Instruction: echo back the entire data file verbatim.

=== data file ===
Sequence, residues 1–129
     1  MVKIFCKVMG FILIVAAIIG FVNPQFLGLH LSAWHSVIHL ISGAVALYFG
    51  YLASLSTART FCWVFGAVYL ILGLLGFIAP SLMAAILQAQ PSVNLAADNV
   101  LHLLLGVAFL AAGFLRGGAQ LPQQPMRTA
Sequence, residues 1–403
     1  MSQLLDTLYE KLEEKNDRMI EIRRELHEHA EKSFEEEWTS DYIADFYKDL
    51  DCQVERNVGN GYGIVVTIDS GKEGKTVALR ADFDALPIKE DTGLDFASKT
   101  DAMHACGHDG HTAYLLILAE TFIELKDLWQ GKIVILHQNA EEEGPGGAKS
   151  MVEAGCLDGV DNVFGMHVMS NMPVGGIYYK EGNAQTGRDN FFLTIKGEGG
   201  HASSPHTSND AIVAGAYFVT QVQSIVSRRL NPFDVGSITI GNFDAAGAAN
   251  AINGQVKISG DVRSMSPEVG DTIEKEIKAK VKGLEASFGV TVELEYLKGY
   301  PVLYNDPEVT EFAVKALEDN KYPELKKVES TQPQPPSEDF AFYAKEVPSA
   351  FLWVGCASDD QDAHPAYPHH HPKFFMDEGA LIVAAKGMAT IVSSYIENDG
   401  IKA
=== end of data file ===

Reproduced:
Sequence, residues 1–129
     1  MVKIFCKVMG FILIVAAIIG FVNPQFLGLH LSAWHSVIHL ISGAVALYFG
    51  YLASLSTART FCWVFGAVYL ILGLLGFIAP SLMAAILQAQ PSVNLAADNV
   101  LHLLLGVAFL AAGFLRGGAQ LPQQPMRTA
Sequence, residues 1–403
     1  MSQLLDTLYE KLEEKNDRMI EIRRELHEHA EKSFEEEWTS DYIADFYKDL
    51  DCQVERNVGN GYGIVVTIDS GKEGKTVALR ADFDALPIKE DTGLDFASKT
   101  DAMHACGHDG HTAYLLILAE TFIELKDLWQ GKIVILHQNA EEEGPGGAKS
   151  MVEAGCLDGV DNVFGMHVMS NMPVGGIYYK EGNAQTGRDN FFLTIKGEGG
   201  HASSPHTSND AIVAGAYFVT QVQSIVSRRL NPFDVGSITI GNFDAAGAAN
   251  AINGQVKISG DVRSMSPEVG DTIEKEIKAK VKGLEASFGV TVELEYLKGY
   301  PVLYNDPEVT EFAVKALEDN KYPELKKVES TQPQPPSEDF AFYAKEVPSA
   351  FLWVGCASDD QDAHPAYPHH HPKFFMDEGA LIVAAKGMAT IVSSYIENDG
   401  IKA